Craig Federighi commented on the question Apple-FBI
The manager in Apple's Craig Federighi has published an opinion article in the Washington Post to speak once more of the case, “San Bernardino”, and the legal battle between Apple and FBI.
Federighi shows in part the same arguments that other Apple representatives have brought forward in recent days, confirming that it would be counterproductive to limit the safety of the technological devices used by millions of people.
To work around all the guarantees of safety integrated by Apple, the FBI wants us to create a backdoor in the form of a special software that can bypass the protections of the access code. In practice, we should intentionally create a vulnerability that allows government agencies to enter the inside of an iPhone. Once created, this software could be also exploited by hackers and criminals to devastate privacy and personal safety of all of us.
Federighi admitted that security is an ongoing battle and that the software of the future can not be separated from the encryption, since the tools of cyber criminals are becoming more and more powerful and are able to cause a real case, without the proper defenses.
The manager said that the suggestion of the government to return to the integrated safety system in iOS 7 is pretty illogical, given that you would go back almost three years, an eternity in the computer world. From iOS 8 onwards, in fact, the encryption system iOS allows you to decrypt the data only if you know the password of the user:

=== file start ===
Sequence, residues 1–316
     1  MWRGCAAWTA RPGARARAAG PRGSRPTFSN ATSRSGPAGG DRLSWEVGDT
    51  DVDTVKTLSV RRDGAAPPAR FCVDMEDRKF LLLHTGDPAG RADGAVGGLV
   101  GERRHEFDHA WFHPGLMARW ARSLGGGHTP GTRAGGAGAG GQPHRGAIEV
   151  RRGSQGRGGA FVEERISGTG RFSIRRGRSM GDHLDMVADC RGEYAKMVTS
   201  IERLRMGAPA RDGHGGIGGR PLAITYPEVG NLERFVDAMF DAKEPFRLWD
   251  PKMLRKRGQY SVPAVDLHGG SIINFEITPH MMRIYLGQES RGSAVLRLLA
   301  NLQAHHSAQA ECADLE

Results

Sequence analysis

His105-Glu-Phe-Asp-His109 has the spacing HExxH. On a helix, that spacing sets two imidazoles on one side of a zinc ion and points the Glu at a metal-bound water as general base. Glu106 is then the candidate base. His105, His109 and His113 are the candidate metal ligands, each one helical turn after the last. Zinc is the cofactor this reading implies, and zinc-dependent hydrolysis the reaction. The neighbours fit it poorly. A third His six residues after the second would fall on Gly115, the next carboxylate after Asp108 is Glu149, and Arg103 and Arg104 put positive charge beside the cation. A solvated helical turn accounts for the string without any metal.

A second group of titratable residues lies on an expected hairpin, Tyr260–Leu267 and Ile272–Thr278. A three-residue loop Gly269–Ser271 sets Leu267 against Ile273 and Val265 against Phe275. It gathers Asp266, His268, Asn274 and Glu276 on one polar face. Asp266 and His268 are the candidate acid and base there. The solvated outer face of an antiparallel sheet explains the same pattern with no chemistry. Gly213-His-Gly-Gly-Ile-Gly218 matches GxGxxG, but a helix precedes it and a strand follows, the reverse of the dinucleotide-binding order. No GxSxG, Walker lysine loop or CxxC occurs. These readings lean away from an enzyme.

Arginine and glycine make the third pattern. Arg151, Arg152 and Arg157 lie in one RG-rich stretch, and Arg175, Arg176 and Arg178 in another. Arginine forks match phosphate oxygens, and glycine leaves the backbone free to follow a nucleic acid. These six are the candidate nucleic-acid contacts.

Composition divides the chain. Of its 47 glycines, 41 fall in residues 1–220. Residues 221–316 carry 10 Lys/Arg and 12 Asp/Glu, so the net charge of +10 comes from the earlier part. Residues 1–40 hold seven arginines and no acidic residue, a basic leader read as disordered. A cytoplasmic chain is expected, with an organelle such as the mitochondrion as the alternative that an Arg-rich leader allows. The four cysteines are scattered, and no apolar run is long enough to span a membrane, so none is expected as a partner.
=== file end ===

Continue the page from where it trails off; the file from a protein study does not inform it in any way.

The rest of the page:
I became an engineer because I believe that technology can truly enrich our lives. A great software has the potential apparently unlimited, to solve human problems and can spread throughout the world at the global level in the blink of an eye. The malicious code is moving just as quickly, and when you create a software for the wrong reason, then this software has the capacity to harm millions of people.
Meanwhile, Amazon, which initially was eliminated by FireOS encryption systems, has promised that them will integrate again in the next version which will be released in a few weeks.
Recall that a court in California has asked Apple to unlock the iPhone 5c one of the terrorists of the massacre of San Bernardino, but the company has responded that from iOS 8 onwards, you cannot do this. The government and the FBI then asked to install a backdoor on iOS, but for Apple this would allow any cyber criminal to access this “universal key” and control the sensitive data stored on any of the iPhone scattered all over the world. Among other things, Apple would have been able to provide the updated backup of this iPhone, if only the FBI had not asked the employer of the defendant to change the password of the Apple ID (the iPhone 5c is, in fact, was of the company, and was provided in the use of the employee).
Link to the original article: Craig Federighi commented on the question Apple-FBI